# Pre: Given a valid player object,
# Post: Processes one full turn for the player. After getting a course of action from the player, it performs it
# assuming the player has the resources to do so. If the action was not able to be performed (due to a lack of
# resources) it asks the player again for a different decision. It will return an integer based on the player's choices
# to be added to the doom counter.
def process_turn(player):
    text_box(player.get_name() + ", you have: ")
    print()
    player.get_count()
    print()
    press_enter()
    if player.resources[0] < 0:
        print_slow(player.get_name() + " is in debt!")
    print_slow()
    print("How do you spend your day?")
    choice = pick_choice(["Mine", "Dock [Costs 10 credits per crew member, including yourself]",
                          "Recruit [Costs 50 credits]", "Work", "Tamper [Costs 1 Wisdom, Minimum 5 Flux or 5 Crew]",
                          "Encounter [Minimum 1 Flux and 1 Crew]", "HELP"])
    doom_mod = 0
    if choice == 1:
        player.mine(d)
    elif choice == 2 and player.resources[0] >= 10*(player.resources[5]+1):
        player.dock(d)
    elif choice == 3 and player.resources[0] >= 50:
        player.recruit(d)
    elif choice == 4:
        player.work(d)
    elif choice == 5 and (player.resources[5] >= 5 or player.resources[2] >= 5) and player.resources[6] >= 1:
        doom_mod += tamper(player, 2)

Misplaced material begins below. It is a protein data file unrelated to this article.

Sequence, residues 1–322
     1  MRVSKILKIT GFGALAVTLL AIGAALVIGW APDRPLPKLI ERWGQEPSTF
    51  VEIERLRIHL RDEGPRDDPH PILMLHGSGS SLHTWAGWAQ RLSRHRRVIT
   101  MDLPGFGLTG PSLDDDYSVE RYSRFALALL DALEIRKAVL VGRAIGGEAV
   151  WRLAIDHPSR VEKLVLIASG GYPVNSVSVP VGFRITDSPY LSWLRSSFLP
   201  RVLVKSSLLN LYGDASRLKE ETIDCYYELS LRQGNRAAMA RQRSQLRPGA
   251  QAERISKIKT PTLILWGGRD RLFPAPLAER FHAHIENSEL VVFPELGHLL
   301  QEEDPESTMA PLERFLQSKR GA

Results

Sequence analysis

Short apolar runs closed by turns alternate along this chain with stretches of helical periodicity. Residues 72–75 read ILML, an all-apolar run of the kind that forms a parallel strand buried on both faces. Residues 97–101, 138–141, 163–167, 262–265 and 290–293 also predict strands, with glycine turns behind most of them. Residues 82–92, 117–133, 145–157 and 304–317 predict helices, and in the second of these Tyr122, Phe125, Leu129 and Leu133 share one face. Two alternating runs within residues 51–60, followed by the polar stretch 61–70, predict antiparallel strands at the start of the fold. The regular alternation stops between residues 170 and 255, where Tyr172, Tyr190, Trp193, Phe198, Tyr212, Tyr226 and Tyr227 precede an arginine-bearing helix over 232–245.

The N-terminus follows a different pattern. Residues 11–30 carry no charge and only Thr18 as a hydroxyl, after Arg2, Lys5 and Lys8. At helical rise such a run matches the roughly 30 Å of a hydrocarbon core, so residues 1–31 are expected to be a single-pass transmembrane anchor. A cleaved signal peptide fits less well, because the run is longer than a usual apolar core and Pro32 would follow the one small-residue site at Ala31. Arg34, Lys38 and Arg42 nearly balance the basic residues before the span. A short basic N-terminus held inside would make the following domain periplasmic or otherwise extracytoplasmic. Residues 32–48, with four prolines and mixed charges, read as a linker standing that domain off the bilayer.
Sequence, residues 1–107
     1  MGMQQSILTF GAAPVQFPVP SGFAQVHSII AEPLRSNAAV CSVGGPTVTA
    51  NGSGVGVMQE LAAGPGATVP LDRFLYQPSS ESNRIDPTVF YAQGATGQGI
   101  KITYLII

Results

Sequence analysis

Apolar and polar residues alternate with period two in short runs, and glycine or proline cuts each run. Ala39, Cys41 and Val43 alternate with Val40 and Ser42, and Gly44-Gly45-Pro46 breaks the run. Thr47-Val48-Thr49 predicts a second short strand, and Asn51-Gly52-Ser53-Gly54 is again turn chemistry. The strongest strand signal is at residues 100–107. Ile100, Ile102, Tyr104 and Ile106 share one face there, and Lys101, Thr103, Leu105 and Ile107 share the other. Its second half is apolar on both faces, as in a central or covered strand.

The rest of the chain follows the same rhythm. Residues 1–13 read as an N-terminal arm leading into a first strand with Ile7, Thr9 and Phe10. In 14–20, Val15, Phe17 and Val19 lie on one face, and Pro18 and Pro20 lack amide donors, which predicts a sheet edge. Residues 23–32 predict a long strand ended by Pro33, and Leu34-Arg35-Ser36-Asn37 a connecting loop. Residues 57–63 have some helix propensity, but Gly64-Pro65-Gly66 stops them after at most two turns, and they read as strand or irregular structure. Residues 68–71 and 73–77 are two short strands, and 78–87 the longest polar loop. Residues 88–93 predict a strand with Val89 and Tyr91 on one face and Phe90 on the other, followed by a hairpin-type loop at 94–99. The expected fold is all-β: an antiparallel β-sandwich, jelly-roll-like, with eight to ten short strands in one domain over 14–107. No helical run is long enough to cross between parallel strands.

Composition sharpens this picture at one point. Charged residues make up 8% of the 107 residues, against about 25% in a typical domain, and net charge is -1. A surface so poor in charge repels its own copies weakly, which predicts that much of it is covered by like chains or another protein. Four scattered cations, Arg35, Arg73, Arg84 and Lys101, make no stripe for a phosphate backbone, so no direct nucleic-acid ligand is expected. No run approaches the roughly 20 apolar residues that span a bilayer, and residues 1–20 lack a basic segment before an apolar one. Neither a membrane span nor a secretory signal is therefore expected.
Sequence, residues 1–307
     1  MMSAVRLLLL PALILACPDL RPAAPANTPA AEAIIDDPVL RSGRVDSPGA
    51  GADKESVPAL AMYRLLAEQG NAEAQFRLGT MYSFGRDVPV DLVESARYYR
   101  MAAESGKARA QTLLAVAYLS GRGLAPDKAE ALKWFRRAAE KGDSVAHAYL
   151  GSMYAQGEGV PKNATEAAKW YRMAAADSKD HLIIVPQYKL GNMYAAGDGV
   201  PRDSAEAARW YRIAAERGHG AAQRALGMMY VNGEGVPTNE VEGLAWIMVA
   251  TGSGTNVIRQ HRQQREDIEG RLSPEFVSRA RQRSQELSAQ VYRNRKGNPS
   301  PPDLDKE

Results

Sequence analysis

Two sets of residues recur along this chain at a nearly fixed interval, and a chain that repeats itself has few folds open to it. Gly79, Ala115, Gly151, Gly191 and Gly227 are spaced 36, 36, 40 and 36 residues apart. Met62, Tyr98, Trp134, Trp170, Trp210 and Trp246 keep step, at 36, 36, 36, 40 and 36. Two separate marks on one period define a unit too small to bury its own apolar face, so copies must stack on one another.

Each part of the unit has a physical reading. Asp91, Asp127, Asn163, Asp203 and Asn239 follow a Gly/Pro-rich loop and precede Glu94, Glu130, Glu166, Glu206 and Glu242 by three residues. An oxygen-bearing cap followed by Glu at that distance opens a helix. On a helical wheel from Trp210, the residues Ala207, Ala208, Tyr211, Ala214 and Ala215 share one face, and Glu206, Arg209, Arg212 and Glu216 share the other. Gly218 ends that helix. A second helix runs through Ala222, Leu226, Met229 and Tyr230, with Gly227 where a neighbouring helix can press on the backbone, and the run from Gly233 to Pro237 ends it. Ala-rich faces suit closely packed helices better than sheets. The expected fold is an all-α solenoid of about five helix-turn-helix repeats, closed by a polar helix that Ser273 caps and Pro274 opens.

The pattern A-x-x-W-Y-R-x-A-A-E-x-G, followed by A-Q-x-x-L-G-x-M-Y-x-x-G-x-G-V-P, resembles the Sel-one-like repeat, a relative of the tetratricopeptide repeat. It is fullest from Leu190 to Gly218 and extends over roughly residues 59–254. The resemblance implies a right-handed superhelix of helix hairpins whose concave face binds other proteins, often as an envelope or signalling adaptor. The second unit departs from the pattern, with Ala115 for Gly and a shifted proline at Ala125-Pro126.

elif choice == 6 and player.resources[5] > 0 and player.resources[2] > 0:
        player.resources[2] -= 1
        encounter = exploration_encounters.get_random_encounter()
        player.add(encounter.get_outcome())
    elif choice == 7:
        help()
        process_turn(player)
    else:
        print_slow("You don't have the resources to do that. Please select another course of action.")
        process_turn(player)
    return doom_mod


# Pre: Given a list of strings that represent a choice the player can make,
# Post: Returns an integer representing the choice the player picked.
def pick_choice(choices):
    for x in choices:
        print(str(choices.index(x)+1) + ": " + x)
    while True:
        decision = None
        try:
            decision = int(input("ENTER 1-" + str(len(choices)) + ": "))
        except ValueError or decision not in range(1, len(choices)+1):
            print("That isn't an option.")
            continue
        if decision in range(1, len(choices)+1):
            return decision
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Printing a menu of choices

This is a poor way to present a menu of choices, and it doesn't fully work:

def pick_choice(choices):
    for x in choices:
        print(str(choices.index(x)+1) + ": " + x)
    while True:
        decision = None
        try:
            decision = int(input("ENTER 1-" + str(len(choices)) + ": "))
        except ValueError or decision not in range(1, len(choices)+1):
            print("That isn't an option.")
            continue
        if decision in range(1, len(choices)+1):
            return decision

There are several issues here:

  • Using index to find the index is inefficient. It would be better to use a counting loop. An even better technique is to use enumerate.
  • Checking if decision is within the range in the except statement doesn't work. It's also very unfortunate to duplicate logic, this range check appears again a few lines below.
  • Checking if a value is in a range(...) is inefficient, because it's a linear search.
  • The initialization decision = None is unnecessary.

A better way to write that menu:

def pick_choice(choices):
    for index, value in enumerate(choices):
        print("{}: {}".format(index + 1, value))

    while True:
        try:
            decision = int(input("ENTER 1-{}: ".format(len(choices))))
            if 1 <= decision <= len(choices):
                return decision

        except ValueError:
            pass

        print("That isn't an option.")

Coding style in Python